Stop & Think

In a society of instant messaging, channel surfing and fervent multitasking, it's clear that we want to ponder less and skim more. That's why this year's Best in Class honorees are such a refreshing change of pace.

It's true that IT executives are charged with making fast decisions and delivering immediate results. And these Best in Class honorees have the required agility. Yet they won't rush essential thinking.

Take, for example, Paul Mueller at Schneider National. For almost 10 years, he held on to the idea for a tracking system that would pinpoint the whereabouts of the truckload carrier's trailer fleet. It wasn't until 2003 that Mueller felt the technology was ready and the time was right. His research and patience paid off -- Schneider is now saving millions of dollars with its multimode cellular technology.

At Southwest Airlines, Tom Nealon's IT department spent much of the first year of its GateReader project developing the application. The team created a prototype of the bar code scanning devices and met with the gate agents who would use them. The result was a tool that was worth the wait -- easy for agents to use and a boon to travelers.

Or consider Kay Palmer at J.B. Hunt, who put the brakes on a project to consolidate more than 150 customized PC-based applications after the company had invested more than $2 million. With mounting technical and project management challenges, Palmer decided it was time to pause and re-evaluate. The cautious approach proved wise: With a fresh start and business needs better defined, the project was put back on track. The company says it expects a seven-year return of $87 million.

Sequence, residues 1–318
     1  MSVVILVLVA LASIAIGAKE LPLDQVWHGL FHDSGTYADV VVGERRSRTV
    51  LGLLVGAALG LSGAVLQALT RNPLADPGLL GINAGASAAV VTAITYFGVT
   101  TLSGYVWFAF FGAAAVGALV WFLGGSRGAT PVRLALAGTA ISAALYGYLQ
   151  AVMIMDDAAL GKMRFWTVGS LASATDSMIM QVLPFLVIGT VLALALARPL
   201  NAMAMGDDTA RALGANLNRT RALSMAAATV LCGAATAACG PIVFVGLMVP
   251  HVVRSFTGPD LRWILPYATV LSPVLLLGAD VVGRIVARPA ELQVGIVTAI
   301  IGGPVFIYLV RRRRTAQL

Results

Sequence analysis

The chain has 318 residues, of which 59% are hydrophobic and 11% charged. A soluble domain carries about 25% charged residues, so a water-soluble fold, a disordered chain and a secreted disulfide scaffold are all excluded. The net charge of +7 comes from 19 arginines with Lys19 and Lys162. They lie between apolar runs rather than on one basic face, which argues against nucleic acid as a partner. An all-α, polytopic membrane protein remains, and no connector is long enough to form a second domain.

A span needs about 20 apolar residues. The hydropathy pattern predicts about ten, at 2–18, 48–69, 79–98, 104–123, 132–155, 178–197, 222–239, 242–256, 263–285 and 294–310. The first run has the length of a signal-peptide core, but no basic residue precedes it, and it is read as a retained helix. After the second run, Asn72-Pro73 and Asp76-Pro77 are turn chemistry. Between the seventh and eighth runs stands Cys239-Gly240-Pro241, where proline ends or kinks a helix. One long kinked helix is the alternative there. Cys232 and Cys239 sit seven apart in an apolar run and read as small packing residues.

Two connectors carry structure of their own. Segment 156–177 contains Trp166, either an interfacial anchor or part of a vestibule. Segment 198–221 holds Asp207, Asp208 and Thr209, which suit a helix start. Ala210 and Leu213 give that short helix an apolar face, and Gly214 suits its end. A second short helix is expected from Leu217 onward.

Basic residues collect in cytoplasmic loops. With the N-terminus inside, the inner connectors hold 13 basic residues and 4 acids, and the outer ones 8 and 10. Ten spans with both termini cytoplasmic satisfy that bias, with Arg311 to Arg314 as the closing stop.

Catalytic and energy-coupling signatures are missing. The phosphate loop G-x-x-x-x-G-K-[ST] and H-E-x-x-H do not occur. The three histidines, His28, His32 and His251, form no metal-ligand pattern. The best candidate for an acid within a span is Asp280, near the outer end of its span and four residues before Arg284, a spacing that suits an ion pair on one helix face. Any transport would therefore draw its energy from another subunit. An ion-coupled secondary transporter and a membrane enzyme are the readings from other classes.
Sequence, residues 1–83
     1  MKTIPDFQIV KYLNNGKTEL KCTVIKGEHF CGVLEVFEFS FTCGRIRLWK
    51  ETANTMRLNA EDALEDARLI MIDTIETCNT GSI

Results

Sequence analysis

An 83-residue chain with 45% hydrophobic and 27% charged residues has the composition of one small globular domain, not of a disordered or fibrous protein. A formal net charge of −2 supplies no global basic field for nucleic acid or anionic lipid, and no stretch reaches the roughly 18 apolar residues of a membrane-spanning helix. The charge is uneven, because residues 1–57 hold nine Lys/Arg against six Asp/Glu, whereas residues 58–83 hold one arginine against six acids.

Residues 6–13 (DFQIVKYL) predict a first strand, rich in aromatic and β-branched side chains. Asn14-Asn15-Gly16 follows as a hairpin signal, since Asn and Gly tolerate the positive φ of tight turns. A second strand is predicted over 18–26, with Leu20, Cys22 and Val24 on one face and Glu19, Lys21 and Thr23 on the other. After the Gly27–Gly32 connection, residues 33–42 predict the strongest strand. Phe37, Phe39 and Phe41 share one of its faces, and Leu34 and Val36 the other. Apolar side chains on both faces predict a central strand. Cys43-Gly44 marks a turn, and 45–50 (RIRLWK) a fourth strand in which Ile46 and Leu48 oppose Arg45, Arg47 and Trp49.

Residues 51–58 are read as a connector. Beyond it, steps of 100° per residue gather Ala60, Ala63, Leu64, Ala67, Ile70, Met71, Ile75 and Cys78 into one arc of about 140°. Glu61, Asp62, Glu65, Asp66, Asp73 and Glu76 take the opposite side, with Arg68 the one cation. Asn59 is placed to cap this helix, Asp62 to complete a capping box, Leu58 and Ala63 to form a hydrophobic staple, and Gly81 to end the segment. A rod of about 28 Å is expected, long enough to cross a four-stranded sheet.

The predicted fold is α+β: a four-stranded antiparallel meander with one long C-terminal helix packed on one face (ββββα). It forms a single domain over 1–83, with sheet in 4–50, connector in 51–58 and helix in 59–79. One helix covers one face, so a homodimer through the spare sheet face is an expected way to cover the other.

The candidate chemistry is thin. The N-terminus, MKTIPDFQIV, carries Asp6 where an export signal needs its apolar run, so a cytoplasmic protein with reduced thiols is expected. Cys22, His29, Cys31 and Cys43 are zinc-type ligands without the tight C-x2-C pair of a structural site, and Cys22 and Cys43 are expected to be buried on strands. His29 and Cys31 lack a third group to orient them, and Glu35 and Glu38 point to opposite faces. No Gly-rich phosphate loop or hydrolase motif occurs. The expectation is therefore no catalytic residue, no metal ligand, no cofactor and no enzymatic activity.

Now in its fifth year, Computerworld's Best in Class awards honor leaders like these. They are a subset of the 2006 Premier 100 honorees who are being recognized for creating business value through innovative technology projects.

To choose this year's 12 winners, a panel of judges and Computerworld editors evaluated many worthy candidates. We focused on projects that had measurable payback, strategic importance to business, substantive customer impact, and new revenue or costs savings.

It's not your average IT executive who can pause amid the chaos to reflect on the merits -- and defects -- of a project. These 12 award winners were able to do that, and we hope their stories inspire you to do the same.

See the full Best in Class special report.

Ellen Fanning is special projects editor at Computerworld. You can contact her at


Copyright © 2006 IDG Communications, Inc.

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